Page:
I had managed to maintain a decent relationship with my uncle and I still saw my kids on the weekends. In September of 2013, my grandmother had taken a turn for the worse. Since my uncle had power of attorney over her, he made the decision to put her in a nursing home. So just like that, my grandmother was moving out of her house and I had nowhere to go. My uncle and I had a small dispute over the vehicle I was driving because he was unaware that she had already given me a bill of sale for the car and it was mine. When I refused to take him the car he changed the locks on the doors of the house with all of my belongings inside and refused to allow me to even speak to my kids.

So I made the irrational decision to decrease my sub Oxone dose until I no longer needed it and I would just use methamphetamine to get me through because surely I could control that. I don’t know what I was thinking. I had moved in with my best friend at the time for about 6 months and when I realized I wasn’t getting any better and that I had been there long enough I packed up and moved in with a family member.

I didn’t realize just how bad things were. The drug was clouding my decision making skills and my reality wasn’t reality. I lived in a trailer that had an extension cord from the neighbors as a power source. The water lines were ran off of the neighbors lines. There was no heat and no refrigerator. I stayed isolated and high in that place for two years. The way I looked at it, I deserved every ounce of misery around me. Even when I tried to be better, I only got worse. I traded in one bad habit for another. I was living in at least three different versions of hell and I had nothing and nobody. I rarely slept, and when I did I suffered from sleep paralysis and night terrors. I was tormented when I was awake and I was tormented when I went to sleep. I knew I’d just about had enough. I can remember sitting in my car and just crying out to God for help.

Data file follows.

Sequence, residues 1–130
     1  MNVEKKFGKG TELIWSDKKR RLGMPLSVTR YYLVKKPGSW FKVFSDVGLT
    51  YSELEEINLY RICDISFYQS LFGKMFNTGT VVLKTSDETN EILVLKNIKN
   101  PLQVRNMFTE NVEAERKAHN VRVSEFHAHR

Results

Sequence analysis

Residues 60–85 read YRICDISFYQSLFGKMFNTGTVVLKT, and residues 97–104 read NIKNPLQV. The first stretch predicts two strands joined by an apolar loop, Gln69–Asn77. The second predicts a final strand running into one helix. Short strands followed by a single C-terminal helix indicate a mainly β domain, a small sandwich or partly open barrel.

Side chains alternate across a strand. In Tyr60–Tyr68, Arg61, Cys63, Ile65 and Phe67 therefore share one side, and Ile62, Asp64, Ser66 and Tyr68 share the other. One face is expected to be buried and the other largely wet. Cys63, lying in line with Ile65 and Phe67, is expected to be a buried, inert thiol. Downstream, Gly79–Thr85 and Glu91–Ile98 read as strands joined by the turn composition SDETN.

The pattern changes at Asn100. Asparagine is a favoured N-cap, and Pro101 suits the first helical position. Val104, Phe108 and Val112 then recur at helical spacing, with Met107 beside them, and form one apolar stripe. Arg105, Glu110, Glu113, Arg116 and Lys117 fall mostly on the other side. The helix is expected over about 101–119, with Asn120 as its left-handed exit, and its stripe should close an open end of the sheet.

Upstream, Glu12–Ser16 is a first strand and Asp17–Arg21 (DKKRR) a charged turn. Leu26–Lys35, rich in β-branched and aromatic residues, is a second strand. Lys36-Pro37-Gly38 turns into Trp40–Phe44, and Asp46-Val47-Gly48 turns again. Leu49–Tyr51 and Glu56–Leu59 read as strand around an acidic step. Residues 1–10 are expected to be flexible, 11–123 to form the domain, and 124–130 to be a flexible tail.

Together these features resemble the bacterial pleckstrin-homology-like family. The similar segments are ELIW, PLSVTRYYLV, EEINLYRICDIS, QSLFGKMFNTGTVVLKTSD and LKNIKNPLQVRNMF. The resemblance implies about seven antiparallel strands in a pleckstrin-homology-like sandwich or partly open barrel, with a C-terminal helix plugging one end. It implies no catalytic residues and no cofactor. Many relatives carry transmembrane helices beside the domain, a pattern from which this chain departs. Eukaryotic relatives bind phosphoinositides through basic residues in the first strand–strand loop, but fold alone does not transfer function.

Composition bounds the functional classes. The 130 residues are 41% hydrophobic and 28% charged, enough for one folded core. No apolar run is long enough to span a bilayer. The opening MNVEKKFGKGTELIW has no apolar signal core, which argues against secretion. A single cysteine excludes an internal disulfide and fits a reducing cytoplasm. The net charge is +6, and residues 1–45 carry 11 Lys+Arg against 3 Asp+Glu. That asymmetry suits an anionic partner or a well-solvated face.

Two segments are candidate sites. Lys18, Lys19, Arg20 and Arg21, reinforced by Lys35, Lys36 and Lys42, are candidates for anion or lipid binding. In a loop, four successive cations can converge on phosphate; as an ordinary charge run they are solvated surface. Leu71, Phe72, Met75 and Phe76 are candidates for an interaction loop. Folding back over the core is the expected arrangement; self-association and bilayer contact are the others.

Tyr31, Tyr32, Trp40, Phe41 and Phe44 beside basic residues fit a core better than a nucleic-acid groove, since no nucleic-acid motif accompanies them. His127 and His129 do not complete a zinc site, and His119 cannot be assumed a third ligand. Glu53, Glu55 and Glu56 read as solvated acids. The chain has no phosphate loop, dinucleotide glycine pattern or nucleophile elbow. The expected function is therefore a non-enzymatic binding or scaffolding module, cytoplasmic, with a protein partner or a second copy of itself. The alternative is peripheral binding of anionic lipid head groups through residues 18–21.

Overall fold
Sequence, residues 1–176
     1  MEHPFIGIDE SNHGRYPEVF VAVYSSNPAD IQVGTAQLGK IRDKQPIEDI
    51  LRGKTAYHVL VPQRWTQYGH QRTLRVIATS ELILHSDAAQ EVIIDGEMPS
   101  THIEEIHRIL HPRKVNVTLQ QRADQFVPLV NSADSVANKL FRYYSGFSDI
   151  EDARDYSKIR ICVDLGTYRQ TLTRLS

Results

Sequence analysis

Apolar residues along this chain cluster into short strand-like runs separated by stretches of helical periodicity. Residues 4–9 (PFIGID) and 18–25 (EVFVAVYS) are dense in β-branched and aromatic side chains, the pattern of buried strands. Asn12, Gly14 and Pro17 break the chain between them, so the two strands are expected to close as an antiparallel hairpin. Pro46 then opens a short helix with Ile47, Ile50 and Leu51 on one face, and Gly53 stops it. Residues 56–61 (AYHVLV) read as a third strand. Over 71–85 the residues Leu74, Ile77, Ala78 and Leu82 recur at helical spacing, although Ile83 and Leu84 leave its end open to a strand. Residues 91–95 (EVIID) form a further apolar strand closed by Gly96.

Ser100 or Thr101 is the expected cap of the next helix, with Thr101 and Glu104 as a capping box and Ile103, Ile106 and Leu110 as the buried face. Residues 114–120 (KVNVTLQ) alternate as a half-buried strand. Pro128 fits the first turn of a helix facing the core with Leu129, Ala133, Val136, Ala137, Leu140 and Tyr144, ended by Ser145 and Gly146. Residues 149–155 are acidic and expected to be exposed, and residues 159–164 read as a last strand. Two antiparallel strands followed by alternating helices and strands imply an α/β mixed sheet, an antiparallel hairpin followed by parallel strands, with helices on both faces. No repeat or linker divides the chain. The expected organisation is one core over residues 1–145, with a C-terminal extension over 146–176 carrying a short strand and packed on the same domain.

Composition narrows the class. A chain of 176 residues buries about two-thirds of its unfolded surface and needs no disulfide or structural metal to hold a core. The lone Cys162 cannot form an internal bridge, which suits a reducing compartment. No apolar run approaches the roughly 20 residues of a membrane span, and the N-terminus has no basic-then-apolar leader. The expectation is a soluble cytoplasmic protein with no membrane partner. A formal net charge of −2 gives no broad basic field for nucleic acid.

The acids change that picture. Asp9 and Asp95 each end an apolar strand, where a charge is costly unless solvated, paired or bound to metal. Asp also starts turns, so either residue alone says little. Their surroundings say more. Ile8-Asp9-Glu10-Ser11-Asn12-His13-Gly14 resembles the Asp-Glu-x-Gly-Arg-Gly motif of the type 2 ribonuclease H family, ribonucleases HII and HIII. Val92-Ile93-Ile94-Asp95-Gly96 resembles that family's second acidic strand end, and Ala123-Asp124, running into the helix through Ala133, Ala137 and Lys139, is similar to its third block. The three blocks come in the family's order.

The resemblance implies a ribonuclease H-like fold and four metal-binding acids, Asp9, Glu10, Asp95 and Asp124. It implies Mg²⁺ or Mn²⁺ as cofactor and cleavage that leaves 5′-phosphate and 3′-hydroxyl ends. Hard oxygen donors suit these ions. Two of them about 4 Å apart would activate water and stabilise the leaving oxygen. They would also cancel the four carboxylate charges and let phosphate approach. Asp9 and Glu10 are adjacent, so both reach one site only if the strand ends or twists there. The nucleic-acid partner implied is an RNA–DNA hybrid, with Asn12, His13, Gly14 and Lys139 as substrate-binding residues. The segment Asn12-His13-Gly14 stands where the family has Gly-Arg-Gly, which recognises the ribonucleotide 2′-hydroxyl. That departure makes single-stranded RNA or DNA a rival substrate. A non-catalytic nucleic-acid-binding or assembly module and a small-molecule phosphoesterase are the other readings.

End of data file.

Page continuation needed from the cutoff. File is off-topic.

I attended a revival at a local church on a Friday night. Every hand in the congregation was on me and I could feel God pulling on me harder than I had in a very long time. It seemed like a domino effect after that. I went to church that next Sunday and on the Saturday that followed I ended up swallowing everything I had and quitting my job the next Sunday morning. Something in my spirit said it was time to go. I called the Lovelady Center (TLC) Monday morning and again on Tuesday morning. I couldn’t take no for an answer. I walked into the doors of TLC on April 20, 2016 at 3:00 p.m. and I can honestly say I haven’t been the same since. All the glory to God. I graduated the program on January 20, 2017. I still reside here at the center and have been given employment through the center. Today, I’m thankful for my sobriety. I know God isn’t done with me yet and I know He is a God of restoration. I can’t wait to see my babies again and never again will I take time for granted. 

“LORD my God, I called to you for help, and you healed me.”
Psalm 30:2